Peter H. Wyden, born Peter Weidenreich, in Berlin to a Jewish family, was an American journalist and writer.
He left Nazi Germany and went to the United States in 1937. After studying at City University of New York, he served with the U.S. Army’s Psychological Warfare Division in Europe during World War II.
After the war, he began a career in journalism, during which he worked as a reporter for The Wichita Eagle, a feature writer for The St. Louis Post-Dispatch, Washington correspondent for Newsweek magazine, a contributing editor for The Saturday Evening Post in Chicago and San Francisco, articles editor for McCall’s, and executive editor for Ladies’ Home Journal.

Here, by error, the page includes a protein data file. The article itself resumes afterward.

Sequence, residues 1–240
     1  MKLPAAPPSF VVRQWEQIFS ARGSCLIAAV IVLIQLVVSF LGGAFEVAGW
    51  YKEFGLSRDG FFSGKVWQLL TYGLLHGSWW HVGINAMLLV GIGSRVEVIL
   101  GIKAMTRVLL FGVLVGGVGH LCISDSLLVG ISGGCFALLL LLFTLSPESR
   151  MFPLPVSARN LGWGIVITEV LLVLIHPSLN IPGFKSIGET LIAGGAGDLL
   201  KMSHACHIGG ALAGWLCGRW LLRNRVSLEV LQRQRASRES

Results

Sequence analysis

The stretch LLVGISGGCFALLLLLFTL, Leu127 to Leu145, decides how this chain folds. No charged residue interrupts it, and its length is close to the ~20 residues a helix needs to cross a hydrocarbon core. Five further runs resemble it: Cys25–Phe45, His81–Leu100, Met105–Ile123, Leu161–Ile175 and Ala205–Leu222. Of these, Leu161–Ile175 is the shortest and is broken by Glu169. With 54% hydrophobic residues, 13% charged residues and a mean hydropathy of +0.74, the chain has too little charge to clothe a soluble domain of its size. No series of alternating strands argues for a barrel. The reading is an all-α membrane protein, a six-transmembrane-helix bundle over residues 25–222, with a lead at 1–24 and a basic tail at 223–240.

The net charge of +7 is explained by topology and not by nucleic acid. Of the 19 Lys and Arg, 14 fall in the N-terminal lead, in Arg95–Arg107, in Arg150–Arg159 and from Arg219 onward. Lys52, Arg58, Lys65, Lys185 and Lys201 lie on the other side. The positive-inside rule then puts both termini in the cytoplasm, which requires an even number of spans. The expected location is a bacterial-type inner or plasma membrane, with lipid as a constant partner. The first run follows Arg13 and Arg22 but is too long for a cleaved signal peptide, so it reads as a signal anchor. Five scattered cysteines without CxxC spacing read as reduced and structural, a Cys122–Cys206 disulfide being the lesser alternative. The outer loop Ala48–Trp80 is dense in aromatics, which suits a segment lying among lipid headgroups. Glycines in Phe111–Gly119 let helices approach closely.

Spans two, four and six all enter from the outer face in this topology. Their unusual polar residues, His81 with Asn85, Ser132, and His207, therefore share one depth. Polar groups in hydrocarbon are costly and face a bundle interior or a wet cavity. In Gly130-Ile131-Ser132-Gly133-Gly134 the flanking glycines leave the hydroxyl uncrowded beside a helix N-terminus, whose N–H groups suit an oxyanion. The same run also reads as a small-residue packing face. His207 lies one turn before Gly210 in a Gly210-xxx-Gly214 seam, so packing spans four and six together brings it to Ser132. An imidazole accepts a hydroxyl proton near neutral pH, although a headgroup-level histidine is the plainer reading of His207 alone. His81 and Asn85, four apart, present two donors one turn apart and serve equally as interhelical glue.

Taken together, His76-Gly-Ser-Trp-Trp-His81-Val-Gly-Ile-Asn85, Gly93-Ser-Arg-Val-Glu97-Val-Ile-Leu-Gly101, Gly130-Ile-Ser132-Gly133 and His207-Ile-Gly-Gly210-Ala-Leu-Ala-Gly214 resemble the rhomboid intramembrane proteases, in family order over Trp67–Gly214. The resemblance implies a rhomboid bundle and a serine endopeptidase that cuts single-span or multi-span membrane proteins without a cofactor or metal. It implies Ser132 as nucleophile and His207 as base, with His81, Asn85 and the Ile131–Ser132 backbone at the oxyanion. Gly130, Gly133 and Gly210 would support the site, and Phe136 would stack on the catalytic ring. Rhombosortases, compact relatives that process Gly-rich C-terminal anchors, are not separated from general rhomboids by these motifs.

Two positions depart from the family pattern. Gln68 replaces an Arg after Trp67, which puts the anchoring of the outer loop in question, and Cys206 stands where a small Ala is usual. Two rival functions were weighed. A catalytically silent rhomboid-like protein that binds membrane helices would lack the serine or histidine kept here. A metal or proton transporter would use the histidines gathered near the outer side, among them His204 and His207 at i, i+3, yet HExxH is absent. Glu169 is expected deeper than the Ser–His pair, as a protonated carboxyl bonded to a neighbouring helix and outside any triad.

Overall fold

He authored or coauthored nine books, and numerous articles that appeared in major magazines. In 1970, he became a book publisher in New York City and Ridgefield, Connecticut.
Books in order of publication:
Suburbia’s Coddled Kids. 1962. New Jersey: Doubleday & Company, Inc.
The Overweight Society. 1965. New York: Pocket Books.
Growing Up Straight: What Every Thoughtful Parent Should Know about Homosexuality. New York: Stein and Day (1969) .
Bay of Pigs – The Untold Story. 1979. New York: Simon and Schuster.
The Passionate War: The Narrative History of the Spanish Civil War. 1983. New York: Simon and Schuster. 1983
Day One: Before Hiroshima and After. 1985. New York: Simon and Schuster. 1984
Stella: One Woman’s True Tale of Evil, Betrayal, and Survival in Hitler’s Germany. Anchor Books, 1993.
Wall: The Inside Story of Divided Berlin. 1989. Simon and Schuster.
Conquering Schizophrenia: A Father, His Son and a Medical Breakthrough. New York: Knopf. (1998).